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invasive species PhD Projects, Programmes & Scholarships

We have 16 invasive species PhD Projects, Programmes & Scholarships

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We have 16 invasive species PhD Projects, Programmes & Scholarships

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EASTBIO: Next-generation technologies for the biosurveillance of marine invasive species.

Invasive species are one of the biggest causes of global biodiversity loss and species extinction, represent a major threat to food security and livelihoods, and are a potent vector in the emergence and spread of wildlife, livestock and human diseases. Read more

Ecosystem functioning: a Southern and Northern Hemisphere freshwater comparison

Project Background. Freshwater ecosystems provide key ecosystem services but are among the most threatened globally due to pollution, eutrophication, overexploitation, land-use change and invasive species (Dudgeon et al. Read more

Understanding extinction risk in the Anthropocene

We live in a humanized world in which even the most remote areas have been affected by the actions of our species. Human impacts have caused a widespread loss of biodiversity, to the point that we have likely entered the sixth mass extinction event on Earth, the first primarily caused by humans. Read more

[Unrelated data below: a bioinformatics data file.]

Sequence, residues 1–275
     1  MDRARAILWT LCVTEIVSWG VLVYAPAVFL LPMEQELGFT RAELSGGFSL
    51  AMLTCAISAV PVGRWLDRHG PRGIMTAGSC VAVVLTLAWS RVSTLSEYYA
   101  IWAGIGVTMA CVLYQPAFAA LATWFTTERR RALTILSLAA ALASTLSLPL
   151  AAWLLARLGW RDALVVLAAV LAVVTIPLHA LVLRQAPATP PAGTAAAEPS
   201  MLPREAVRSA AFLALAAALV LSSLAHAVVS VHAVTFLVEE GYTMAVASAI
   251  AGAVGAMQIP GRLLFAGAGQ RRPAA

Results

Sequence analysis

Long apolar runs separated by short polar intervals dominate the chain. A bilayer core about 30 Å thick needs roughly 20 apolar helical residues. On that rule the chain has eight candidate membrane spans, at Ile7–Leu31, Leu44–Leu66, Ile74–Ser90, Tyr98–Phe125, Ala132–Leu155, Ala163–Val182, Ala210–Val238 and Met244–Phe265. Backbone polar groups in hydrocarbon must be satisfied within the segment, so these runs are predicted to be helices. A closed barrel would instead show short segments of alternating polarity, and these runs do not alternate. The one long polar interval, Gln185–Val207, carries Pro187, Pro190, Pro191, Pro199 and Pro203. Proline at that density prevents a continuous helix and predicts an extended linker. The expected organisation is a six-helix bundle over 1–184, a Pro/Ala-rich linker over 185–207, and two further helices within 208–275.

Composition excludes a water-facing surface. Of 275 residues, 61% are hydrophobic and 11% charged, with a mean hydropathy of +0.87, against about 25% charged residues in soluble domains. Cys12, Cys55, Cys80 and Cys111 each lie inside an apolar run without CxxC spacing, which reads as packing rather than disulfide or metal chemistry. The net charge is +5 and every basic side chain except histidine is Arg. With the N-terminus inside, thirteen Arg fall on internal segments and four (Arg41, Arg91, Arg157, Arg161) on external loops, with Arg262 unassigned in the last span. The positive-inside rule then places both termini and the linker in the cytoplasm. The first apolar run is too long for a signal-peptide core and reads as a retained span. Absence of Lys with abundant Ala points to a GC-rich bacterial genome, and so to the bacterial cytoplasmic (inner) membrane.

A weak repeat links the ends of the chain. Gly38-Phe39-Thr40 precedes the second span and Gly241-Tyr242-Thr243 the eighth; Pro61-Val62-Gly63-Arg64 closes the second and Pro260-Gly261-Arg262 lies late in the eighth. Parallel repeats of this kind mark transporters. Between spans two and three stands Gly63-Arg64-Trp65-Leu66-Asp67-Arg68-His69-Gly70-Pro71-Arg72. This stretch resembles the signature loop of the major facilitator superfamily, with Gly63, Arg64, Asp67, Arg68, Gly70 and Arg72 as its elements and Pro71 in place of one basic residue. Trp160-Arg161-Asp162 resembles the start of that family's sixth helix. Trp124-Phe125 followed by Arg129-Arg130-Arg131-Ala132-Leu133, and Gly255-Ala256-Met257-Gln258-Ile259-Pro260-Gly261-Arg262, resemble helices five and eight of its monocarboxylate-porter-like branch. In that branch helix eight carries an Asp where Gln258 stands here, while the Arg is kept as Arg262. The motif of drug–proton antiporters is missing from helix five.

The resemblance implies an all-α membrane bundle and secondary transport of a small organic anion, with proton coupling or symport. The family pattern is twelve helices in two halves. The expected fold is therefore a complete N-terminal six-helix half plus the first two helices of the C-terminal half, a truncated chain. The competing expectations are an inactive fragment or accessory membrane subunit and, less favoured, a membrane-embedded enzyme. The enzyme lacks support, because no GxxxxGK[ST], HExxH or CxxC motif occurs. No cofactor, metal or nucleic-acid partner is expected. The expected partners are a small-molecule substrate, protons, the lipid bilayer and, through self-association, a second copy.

Award details Award details Nutrient impacts on reef endolithic communities and parrotfish feeding, Geography – MSc by Research (Part-Funded)

Location. Geography, Streatham Campus, Exeter. The University of Exeter’s College of Life and Environmental Sciences is inviting applications for a fees only MSc by Research studentship funded by the Bertarelli Foundation to commence 26 September 2022 or as soon as possible thereafter. Read more
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Microbial Response to Global Change

In some from or fashion, every lifeform on Earth has been impacted by human activity, including microorganisms. Many of these microbes are involved in global biogeochemical cycling, breaking down or converting essential elements such as carbon and nitrogen. Read more

Project at Queen's University Belfast: Environmental DNA from Fasciola parasites as a novel biomarker to improve agriculture in the UK

Fasciola hepatica, usually termed "the temperate liver fluke", is found worldwide and causes disease known as fasciolosis. This infection caused by helminth parasites, primarily impacts on ruminant production, including within the UK and many other European countries. Read more

Self Funded PhD project: Biological Evaluation of Ruthenium (II) complexes Targeted against Breast Cancers (BRUT BC)

MCF-7 cells are primary tumour invasive breast ductal carcinoma which have both oestrogen and progesterone receptors. Tumour necrosis factor alpha (TNF alpha) inhibits the growth of MCF-7 breast cancer cells. Read more

Conservation of pollinator biodiversity and sustainable management of pollination services in agroecosystems

Wild and managed pollinators provide a wide range of benefits to society in terms of contributions to food security, farmer and beekeeper livelihoods, social and cultural values, as well as the maintenance of wider biodiversity and ecosystem stability. Read more

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